In an effort to advance its accession process into the European Union, Turkey has made efforts towards establishing emission controls, increase their use of renewable energies and promote the overall energy efficiency of this nation. In terms of regulating air quality and industrial pollution, Turkey has made considerable progress; however, further effort into fully implementing this legislation must still occur.  

In an effort to improve the threats on Turkey’s biodiversity, the United Nations Food and Agriculture Organization and the Global Environment Facility have been working with the Turkish government to improve their conservation and sustainable management plans. More specifically, this project aims to establish novel management practices that will protect steppe ecosystems by educating area managers and further establish regulatory policies as needed.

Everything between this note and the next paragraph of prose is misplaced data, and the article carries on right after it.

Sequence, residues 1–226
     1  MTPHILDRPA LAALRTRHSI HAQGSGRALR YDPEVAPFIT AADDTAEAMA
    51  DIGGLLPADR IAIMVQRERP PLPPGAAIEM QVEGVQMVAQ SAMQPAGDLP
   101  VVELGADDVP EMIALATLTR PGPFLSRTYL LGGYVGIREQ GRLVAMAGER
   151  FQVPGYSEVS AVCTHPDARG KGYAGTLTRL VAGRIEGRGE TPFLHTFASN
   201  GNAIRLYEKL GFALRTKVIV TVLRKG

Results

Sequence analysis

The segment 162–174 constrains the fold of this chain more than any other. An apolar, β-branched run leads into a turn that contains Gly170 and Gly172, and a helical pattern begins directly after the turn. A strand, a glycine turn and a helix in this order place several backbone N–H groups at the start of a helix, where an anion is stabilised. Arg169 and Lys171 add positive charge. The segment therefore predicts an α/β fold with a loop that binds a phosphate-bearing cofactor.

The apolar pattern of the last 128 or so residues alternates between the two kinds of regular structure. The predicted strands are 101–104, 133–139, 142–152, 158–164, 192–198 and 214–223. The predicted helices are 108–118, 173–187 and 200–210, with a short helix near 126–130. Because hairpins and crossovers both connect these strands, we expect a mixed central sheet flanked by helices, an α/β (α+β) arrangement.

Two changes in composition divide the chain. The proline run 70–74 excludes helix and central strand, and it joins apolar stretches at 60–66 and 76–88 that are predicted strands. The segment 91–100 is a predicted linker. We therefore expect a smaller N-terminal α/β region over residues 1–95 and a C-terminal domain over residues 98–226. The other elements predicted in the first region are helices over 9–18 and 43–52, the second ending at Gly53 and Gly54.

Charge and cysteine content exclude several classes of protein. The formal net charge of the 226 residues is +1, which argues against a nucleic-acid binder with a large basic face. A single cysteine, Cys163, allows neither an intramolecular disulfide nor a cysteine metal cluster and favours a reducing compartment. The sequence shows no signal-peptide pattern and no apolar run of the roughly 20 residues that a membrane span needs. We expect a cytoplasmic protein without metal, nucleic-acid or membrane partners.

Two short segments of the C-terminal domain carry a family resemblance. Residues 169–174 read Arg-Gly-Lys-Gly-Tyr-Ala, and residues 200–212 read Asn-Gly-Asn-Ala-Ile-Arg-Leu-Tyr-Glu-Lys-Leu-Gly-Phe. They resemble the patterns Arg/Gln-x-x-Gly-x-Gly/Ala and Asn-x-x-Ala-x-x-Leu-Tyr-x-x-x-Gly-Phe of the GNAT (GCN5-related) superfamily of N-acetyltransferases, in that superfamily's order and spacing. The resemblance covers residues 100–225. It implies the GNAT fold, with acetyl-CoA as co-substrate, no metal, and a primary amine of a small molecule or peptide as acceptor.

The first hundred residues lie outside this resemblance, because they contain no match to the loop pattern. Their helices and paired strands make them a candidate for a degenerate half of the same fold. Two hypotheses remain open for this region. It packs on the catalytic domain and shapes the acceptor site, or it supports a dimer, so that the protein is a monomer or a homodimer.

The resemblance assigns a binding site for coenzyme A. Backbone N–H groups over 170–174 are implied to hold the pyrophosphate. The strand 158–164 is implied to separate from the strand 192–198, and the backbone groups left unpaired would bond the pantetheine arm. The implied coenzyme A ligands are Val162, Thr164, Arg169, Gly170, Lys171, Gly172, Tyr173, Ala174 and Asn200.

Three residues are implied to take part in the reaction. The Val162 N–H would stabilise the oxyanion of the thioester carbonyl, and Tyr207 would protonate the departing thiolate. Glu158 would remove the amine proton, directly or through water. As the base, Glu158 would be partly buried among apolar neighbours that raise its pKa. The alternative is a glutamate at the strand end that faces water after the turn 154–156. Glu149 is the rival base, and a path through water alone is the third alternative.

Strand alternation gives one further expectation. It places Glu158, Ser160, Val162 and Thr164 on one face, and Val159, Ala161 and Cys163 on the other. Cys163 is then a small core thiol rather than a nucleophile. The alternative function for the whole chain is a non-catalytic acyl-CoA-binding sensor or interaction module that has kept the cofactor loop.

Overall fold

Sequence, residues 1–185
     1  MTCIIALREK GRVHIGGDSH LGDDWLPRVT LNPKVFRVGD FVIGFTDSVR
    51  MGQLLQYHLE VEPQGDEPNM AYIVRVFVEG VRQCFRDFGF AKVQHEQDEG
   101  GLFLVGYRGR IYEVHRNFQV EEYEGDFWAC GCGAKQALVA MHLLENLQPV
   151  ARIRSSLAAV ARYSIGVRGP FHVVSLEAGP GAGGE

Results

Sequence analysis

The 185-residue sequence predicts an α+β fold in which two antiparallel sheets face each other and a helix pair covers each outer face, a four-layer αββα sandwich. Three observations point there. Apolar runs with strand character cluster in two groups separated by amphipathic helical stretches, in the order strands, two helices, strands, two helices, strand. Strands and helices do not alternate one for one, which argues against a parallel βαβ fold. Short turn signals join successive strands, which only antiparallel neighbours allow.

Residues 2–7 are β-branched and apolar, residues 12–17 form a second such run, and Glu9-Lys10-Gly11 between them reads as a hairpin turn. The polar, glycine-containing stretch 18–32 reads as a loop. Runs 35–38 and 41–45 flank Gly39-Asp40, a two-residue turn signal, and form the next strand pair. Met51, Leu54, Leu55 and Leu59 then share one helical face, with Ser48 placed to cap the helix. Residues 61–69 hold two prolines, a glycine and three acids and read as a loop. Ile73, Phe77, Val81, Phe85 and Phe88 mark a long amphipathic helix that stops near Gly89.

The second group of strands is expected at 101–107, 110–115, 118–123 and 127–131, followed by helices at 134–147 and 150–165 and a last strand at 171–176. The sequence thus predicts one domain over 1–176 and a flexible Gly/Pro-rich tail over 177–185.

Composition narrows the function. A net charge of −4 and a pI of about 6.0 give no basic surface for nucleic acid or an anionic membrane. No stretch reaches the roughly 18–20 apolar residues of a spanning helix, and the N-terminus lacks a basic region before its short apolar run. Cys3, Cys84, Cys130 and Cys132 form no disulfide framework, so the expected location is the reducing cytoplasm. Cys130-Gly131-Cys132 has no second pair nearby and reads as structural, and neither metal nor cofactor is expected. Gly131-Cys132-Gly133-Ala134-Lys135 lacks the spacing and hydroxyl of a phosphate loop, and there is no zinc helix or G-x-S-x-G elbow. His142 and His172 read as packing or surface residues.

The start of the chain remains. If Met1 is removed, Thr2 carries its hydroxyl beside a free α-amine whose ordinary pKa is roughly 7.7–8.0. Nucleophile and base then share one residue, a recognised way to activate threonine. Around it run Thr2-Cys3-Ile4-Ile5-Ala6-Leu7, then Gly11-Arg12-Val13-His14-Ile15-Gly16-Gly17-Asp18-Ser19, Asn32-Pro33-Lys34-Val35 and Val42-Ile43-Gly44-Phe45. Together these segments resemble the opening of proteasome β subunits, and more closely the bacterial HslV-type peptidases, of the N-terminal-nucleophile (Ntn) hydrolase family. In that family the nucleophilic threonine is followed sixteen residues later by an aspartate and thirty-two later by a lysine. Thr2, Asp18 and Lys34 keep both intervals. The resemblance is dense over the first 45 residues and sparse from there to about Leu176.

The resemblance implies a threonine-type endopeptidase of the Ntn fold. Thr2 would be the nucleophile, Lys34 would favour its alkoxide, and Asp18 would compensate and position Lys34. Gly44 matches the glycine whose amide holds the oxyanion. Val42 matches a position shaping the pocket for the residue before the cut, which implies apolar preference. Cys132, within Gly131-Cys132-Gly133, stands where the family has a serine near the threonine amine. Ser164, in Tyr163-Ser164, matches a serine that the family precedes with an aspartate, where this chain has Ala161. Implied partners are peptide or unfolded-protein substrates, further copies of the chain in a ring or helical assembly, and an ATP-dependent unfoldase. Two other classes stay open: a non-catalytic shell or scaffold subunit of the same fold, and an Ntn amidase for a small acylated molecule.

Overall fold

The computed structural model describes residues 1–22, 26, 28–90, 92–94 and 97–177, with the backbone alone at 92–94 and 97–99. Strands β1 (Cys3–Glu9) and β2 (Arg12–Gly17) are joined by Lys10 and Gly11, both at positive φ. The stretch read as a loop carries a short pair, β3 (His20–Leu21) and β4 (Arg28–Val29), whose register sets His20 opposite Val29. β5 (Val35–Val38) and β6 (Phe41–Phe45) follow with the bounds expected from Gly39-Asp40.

Clean Technology in Turkey

Over the past decade, various factors within the international energy markets have compelled Turkey to reexamine how it generates and consumes electricity. The result of this global analysis was the creation of a national development plan that supports investment in the country’s renewable energy sector. In 2016, two major projects described by the Renewable Energy Resource Area regulations have aimed to increase Turkey’s wind energy production by 17%. By 2023, Turkey aims to generate 30% of its total electricity from renewable energy sources.

Turkey's push to embrace renewable energy has been backed by the Clean Technology Fund (CTF), a billion-dollar program designed to give middle-income countries the resources to innovate and develop clean technology. Turkey was the first country to benefit from the fund.

Turkey: Environmental Issues, Policies and Clean Technology